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Biden defends decision to withdraw from Afghanistan after Taliban’s rapid return to power

President Biden addressed the Taliban’s takeover of Afghanistan during remarks on Aug. 16. Here’s his speech in less than 3 minutes. (Video: Blair Guild/The Washington Post)
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President Biden defended his decision to withdraw U.S. troops from Afghanistan in remarks at the White House on Monday afternoon, blaming the Taliban’s takeover on the unwillingness of the Afghan army to fight the militant group and arguing that remaining in the country was not in the U.S. national interest.

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“American troops cannot and should not be fighting in a war and dying in a war that Afghan forces are not willing to fight for themselves,” Biden said.

Afghans faced scenes of chaos and an uncertain future Monday as their nation grappled with the stunning collapse of its Western-backed government and Taliban fighters again swept to power over the weekend.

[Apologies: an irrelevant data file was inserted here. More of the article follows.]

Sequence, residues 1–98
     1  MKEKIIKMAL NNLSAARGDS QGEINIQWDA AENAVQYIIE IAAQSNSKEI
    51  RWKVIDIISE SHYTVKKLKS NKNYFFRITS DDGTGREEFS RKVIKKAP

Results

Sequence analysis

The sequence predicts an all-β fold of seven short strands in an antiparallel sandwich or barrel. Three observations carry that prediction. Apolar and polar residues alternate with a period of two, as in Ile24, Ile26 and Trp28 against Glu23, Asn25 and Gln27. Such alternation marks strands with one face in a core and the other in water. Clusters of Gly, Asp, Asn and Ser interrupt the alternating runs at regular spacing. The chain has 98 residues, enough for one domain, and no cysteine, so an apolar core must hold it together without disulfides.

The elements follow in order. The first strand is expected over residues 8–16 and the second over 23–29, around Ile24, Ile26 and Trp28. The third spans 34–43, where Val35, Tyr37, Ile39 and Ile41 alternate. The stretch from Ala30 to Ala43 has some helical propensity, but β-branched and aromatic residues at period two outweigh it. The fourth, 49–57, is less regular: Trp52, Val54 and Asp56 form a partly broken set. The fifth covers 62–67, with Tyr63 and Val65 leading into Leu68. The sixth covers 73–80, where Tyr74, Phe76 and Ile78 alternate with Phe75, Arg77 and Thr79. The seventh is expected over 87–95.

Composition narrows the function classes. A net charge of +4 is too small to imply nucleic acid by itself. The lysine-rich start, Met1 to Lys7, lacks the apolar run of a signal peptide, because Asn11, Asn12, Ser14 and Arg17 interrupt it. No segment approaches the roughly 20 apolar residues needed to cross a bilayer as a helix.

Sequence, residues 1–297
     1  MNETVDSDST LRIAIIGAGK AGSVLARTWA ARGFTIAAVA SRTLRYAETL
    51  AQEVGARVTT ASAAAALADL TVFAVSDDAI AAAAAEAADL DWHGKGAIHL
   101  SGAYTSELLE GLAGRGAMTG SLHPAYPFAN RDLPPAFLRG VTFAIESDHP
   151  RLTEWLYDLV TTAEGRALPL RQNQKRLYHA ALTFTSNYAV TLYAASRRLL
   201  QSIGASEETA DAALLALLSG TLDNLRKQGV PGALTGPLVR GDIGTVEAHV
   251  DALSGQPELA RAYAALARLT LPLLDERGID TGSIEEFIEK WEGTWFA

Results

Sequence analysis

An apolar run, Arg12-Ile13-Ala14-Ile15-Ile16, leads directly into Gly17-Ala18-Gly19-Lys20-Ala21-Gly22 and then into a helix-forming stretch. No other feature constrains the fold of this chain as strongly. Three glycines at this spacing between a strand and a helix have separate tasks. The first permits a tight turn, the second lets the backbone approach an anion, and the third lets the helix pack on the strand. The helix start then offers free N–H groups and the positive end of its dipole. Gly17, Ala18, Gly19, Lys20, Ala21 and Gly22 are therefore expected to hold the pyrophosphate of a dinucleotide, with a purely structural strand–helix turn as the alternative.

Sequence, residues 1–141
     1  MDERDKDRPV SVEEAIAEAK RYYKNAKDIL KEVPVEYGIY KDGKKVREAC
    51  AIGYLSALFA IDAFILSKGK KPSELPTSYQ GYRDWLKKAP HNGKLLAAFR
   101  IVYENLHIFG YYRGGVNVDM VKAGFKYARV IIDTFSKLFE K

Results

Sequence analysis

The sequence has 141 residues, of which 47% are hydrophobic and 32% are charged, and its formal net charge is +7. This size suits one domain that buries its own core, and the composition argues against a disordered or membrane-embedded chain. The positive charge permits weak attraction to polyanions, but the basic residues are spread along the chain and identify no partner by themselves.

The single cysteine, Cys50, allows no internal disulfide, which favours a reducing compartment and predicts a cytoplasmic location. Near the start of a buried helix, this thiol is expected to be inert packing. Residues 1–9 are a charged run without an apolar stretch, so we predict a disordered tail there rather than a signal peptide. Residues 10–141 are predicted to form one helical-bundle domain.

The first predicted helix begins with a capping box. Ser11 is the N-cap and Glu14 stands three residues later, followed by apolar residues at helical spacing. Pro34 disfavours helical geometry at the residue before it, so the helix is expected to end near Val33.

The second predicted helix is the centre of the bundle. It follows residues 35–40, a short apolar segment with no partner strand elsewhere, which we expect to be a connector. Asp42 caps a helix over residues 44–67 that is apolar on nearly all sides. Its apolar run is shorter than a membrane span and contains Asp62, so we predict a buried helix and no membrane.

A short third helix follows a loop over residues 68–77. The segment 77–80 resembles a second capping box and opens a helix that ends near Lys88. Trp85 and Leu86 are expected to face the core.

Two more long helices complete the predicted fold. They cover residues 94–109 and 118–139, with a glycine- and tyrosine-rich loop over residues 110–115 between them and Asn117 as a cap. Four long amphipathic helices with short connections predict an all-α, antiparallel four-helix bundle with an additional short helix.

U.S. Defense Secretary Lloyd Austin authorized the deployment of a third Army infantry battalion to Kabul airport, where thousands of Afghans have flocked in hope of fleeing the Taliban. The White House said late Monday that Biden had authorized up to $500 million in aid to support the needs of refugees and others “at risk as a result of the situation in Afghanistan.”

Military flights have been resumed at the airport, which U.S. forces have secured, after a pause Monday.

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Here are the significant developments

  • Chaotic scenes at the airport contrasted with many parts of downtown Kabul, where Monday passed largely peacefully.
  • French President Emmanuel Macron warned of a potential influx of Afghan migrants into Europe, adding that European Union leaders are in contact to launch an initiative against irregular migration. He also added that France would welcome Afghans who had worked with its forces, as well as human rights activists.
  • President Biden defended his decision to withdraw from Afghanistan in a speech at the White House on Monday afternoon, though he acknowledged that the Afghan government’s collapse took place more quickly than expected.
  • U.S. troops at Kabul’s international airport came under fire at least twice, and one American service member may have been wounded, the Pentagon said. By Tuesday morning, there could be up to 3,500 U.S. troops on the ground.